My Favourite Carbon and Alloy Wheels
Let’s take a look at some of the best wheels on the market. I have used these sets and they seem to be a market favourite too. There are some other reasonable sets to give you a good idea of how you can start to improve your performance.
First a set of alloy wheels for price and weight comparisons:
1. Miche Excite
The Miche Excite is one of the most painfully average wheelsets, it is super heavy but also can support a lot of weight. It comes in at over 2100 grams and the hubs roll smoothly but are not excellent. It costs about $74E or around 130.00 American dollars depending on where you find it.
2. Shimano RS11
A little better on the weight scale and perhaps a little smoother ride is the Shimano RS11. Those of you who follow me know that I am a Shimano fan. At 2000 grams this is still a solid set that will support a lot of weight. It retains high lateral rigidity due to different rim heights on the top and bottom, and at around $180 at most per set depending on the bearings these are slightly more expensive and better quality.
3. Campagnolo Khamsin
The Campagnolo Khamsin is a pretty quality wheelset in that it can match the weight reduction of carbon but maybe not the responsiveness or rigidity. It weighs only 1740g and has balanced tension of spokes all the way around. At $230 it is slightly more but not too bad in comparison to some of the carbon sets we will look at.
For carbon, the market for decent wheels starts around $500 per set, maybe a little cheaper for no-name sets from China but from what I have heard the quality control isn’t always as good and the wheels can potentially have defects.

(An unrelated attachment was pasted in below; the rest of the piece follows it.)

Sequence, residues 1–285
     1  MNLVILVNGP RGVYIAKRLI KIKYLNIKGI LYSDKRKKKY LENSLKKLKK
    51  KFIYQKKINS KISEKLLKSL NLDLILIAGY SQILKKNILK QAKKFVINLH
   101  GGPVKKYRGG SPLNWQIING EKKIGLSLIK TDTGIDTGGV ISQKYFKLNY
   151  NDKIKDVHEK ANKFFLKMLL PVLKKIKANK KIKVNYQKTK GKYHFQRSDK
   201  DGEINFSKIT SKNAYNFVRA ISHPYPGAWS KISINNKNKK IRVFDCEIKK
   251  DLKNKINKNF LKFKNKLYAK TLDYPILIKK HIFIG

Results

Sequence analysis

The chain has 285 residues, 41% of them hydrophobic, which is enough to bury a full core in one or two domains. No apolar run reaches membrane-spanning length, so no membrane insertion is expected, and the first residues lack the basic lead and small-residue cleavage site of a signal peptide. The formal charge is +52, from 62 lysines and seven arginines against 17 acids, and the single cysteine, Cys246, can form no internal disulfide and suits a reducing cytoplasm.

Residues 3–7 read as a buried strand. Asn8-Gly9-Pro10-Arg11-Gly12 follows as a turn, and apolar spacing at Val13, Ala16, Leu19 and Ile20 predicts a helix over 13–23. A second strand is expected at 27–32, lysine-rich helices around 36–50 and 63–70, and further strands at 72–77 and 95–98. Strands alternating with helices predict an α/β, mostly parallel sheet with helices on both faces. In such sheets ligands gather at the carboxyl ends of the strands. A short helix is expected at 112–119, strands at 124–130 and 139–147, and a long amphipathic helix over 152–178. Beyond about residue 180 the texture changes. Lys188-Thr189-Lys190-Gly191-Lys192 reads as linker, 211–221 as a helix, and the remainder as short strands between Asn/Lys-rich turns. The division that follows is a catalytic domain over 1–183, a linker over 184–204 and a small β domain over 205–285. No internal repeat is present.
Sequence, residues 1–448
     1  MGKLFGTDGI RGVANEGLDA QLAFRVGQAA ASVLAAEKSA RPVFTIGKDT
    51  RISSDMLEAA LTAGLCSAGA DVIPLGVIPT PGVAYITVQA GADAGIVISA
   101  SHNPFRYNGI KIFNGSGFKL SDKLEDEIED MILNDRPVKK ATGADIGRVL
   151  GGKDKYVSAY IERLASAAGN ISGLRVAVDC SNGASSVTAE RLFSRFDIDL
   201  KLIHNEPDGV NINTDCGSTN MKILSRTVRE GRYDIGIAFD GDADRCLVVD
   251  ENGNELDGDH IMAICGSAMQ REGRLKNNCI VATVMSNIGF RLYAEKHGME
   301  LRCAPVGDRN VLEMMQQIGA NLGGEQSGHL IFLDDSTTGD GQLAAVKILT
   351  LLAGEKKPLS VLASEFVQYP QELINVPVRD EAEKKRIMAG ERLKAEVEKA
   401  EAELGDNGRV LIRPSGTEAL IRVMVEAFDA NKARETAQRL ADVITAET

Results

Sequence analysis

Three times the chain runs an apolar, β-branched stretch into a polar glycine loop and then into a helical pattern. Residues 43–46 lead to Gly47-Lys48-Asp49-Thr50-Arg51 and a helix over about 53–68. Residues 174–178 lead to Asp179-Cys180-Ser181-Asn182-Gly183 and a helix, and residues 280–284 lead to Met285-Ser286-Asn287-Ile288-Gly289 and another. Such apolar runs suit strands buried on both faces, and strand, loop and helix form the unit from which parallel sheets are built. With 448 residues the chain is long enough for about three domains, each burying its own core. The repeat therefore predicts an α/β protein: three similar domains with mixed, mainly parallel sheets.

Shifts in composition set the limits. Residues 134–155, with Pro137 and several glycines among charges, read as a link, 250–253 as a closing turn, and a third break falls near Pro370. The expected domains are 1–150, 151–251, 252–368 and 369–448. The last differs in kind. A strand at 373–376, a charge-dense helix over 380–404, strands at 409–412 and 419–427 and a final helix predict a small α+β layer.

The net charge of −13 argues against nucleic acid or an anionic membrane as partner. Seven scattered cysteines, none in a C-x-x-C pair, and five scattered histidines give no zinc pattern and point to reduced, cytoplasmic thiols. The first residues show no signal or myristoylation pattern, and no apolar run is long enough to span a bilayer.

The Mavic CXR Carbon 60mm weighs in at 1800g but with 60mm carbon blades it cuts the air, unlike the shallower rims on the list. Super rigid and responsive, they are around $1300 for the set.
Next up is the Shimano Carbon series with blades at 24mm, 35mm, and 50mm. They come with the Dura Ace 9000 hub, with optimal bearings and a titanium freehub body. The braking surfaces are aluminum for solid stopping power. They cost around $1500.
I think the lightest set on icebike.org is the Mavic Ksyrium. At around 1225g they are super responsive, aerodynamic, and rigid. The disc wheelset is probably also the most expensive at 2200 American dollars. Now if you have that kind of money to spend I can guarantee better performance on your current bike setup. However, you might want to consider cross drafts for the lighter riders when looking into deeper rims.
Thinking about buying a carbon wheelset for your road bike? Check out our guide to know why carbon might be the best option.
Are carbon wheels worth it on a road bike?
Yes, carbon wheels are worth it on a road bike because they are lighter and provide better performance.
Do carbon wheels feel different?
Yes, carbon wheels feel different because they are lighter.
How long do carbon wheelsets last?
If properly taken care of, carbon wheelsets can last a long time.
Do carbon wheels ride smoother?
Yes, carbon wheels can provide a smoother ride as compared to other wheels because they are better at shock absorption.
Will carbon rims make the average rider better? Yes, just by being lighter. Are there other ways to save weight? Of course. Tubular or tubeless tires will save you weight. Carbon bottle cages, Kevlar cables, carbon stems, seat posts, and bars.
All of these things will save you weight but they may not improve the feel and responsiveness of the bike may not change as much as if you were to replace the wheelset. It is also important to consider that many nice road bikes will come stock with not such a great wheelset, but most likely will come stock with decent other components just due to relative costs. It’s just something to consider as you look for what you like best.